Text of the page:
Spice is nice

Think herbs and spices are only for a bit of decoration or colour? Think again. These humble little foods can offer you much more than a little bit of unusual flavour - and may be the key to boost your physical performance and fitness. Alex Gazzola reports on herb heroes and spicy saviours…

Mention antioxidants and you will probably immediately think of fruits and vegetables, especially richly coloured varieties: purple anthocyanins in berries; orange carotenes in carrots; red lycopene in tomatoes. And yet these richly beneficial chemicals are also available from other sources, and some experts believe we’ve been shunning these alternatives for too long, possibly to the detriment of our physical health.

According to performance nutritionists from the English Institute of Sport (www.eis2win.co.uk), culinary herbs and spices are also rich in antioxidants, often more so than fruits and vegetables pound for pound, and they offer significant health benefits to all active and moderately active sportspeople, offering protection from the stresses and rigours of training.

Kevin Currell, a senior performance nutritionist with the EIS who works with the British triathlon team, says that while running and exercise are obviously beneficial, they can increase the ‘stress’ on your muscles due to production of additional free radicals - unstable molecules which are created during every day metabolic processes. These reactive free radicals cause damage by interacting with DNA, cells and enzymes in the body, and they can only be neutralised and ‘mopped up’ by antioxidants.

“Whilst some stress on muscles is normal, things can get out of balance,” says Kevin. “Those who exercise should consume more antioxidants than the general public to counteract this. The more training you do, the more stress is placed on the body, the greater the free radical production, and the more antioxidants the body needs to cope. If you’re preparing for a marathon, for example, you’ll need more when your training blocks are most intensive and high-impact - say at two or three months before the race”.

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Only in recent years has it been realised that herbs and spices score highly on the antioxidant scale, thanks to research from the US Department of Agriculture. Their data revealed, for example, that the equivalent of a portion of red grapes’ worth of antioxidants could be found in a mere half teaspoon of cumin seeds, while the same quantity of dried ginger matched a portion of red tomatoes. Although used sparingly in traditional Western cooking, Kevin believes they are a vital tool which we have ignored, and which other cultures have embraced.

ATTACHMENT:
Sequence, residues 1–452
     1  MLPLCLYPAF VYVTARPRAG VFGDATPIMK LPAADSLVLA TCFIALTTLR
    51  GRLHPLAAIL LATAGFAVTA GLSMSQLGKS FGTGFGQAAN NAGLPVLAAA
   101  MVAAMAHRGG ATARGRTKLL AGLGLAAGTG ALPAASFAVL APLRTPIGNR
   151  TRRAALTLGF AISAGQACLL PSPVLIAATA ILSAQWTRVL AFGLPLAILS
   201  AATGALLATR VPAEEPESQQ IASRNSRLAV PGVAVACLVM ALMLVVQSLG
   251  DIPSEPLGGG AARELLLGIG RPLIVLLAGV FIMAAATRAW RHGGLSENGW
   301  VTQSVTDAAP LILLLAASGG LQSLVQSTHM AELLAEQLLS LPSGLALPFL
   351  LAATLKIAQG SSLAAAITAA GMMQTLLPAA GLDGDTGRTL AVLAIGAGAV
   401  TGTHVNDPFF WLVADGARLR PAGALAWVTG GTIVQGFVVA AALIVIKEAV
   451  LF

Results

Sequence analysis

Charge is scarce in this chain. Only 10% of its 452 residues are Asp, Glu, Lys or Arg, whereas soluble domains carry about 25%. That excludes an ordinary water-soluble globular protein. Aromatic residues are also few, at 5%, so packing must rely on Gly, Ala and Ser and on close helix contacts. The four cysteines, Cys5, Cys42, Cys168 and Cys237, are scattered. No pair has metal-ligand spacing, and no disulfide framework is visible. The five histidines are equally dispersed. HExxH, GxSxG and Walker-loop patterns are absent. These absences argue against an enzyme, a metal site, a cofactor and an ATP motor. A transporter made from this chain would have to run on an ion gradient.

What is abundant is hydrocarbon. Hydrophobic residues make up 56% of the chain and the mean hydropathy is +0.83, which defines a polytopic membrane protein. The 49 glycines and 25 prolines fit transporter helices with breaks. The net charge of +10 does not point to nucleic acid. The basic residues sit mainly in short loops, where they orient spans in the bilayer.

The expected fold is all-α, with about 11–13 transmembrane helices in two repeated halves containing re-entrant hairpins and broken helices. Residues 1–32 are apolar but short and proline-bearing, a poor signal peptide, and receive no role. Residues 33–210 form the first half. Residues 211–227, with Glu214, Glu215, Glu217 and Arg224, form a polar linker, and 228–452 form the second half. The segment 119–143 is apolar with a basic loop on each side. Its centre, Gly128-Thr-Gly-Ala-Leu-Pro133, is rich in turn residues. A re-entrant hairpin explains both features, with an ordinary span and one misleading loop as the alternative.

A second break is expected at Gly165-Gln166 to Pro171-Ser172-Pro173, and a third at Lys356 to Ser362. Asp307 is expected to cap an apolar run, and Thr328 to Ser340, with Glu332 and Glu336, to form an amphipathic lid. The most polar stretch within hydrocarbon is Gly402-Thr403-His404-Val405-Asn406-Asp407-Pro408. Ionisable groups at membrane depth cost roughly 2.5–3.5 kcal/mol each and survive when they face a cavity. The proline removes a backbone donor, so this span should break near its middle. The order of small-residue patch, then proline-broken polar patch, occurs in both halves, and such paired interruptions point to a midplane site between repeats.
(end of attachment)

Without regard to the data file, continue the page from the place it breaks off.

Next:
Emma Wells, a nutritional therapist from Smart Nutrition (www.smartnutrition.co.uk), herself a keen runner, agrees they have potential.

“If someone comes to me with a sports-related injury with inflammation, I’d use spices as part of the nutritional support plan,” she says.

“First, I’d get inflammatory foods - meat, cheese, butter and dairy - out of the diet, and then look at boosting anti-inflammatory foods, such as fish, seeds and nuts. As far as spices are concerned, ginger and turmeric are the two anti-inflammatory powerhouses. If you cook Chinese or Indian, you’ll obviously benefit naturally, but with turmeric you need to go in big, and take supplements”.

Supplemental spices are increasingly available, but according to the EIS, dietary sources of antioxidants are preferable in most cases, as excessive intake of supplements can lead to problems.

“Dietary sources also generally offer a better quality of antioxidant,” says Kevin. “The manufacturing processes involved to get antioxidants into a supplement may affect their form and function - they are sensitive souls which break down easily”.